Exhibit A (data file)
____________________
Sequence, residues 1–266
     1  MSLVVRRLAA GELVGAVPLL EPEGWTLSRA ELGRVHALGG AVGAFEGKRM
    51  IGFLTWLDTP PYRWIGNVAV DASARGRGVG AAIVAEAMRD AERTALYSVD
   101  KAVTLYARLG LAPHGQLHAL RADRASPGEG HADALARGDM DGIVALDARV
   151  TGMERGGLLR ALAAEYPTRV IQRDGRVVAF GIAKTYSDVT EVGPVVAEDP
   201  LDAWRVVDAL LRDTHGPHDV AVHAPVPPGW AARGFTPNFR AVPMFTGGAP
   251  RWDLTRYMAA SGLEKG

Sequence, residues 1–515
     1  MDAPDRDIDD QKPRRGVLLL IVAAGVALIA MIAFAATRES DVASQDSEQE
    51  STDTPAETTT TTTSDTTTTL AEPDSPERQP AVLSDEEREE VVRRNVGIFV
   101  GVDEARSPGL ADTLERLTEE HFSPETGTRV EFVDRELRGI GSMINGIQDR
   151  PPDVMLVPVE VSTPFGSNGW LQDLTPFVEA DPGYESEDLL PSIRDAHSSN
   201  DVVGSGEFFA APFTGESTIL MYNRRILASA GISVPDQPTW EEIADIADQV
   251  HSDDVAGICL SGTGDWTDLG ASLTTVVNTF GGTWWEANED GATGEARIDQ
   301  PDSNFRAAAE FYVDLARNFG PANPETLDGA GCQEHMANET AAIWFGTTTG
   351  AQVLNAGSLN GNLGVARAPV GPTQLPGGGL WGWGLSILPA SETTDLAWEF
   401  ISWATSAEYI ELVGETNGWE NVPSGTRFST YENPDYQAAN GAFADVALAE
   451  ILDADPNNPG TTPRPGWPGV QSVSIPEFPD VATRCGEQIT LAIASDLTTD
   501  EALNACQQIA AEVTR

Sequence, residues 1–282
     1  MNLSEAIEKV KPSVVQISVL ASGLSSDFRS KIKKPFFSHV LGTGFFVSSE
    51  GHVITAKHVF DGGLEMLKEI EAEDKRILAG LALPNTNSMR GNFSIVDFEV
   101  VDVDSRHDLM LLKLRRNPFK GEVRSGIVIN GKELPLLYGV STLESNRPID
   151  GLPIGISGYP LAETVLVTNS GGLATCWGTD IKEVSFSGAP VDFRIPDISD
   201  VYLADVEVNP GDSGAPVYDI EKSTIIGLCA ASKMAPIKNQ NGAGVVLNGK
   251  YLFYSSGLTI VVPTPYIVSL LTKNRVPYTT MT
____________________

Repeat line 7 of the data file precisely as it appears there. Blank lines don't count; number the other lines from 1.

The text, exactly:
   251  RWDLTRYMAA SGLEKG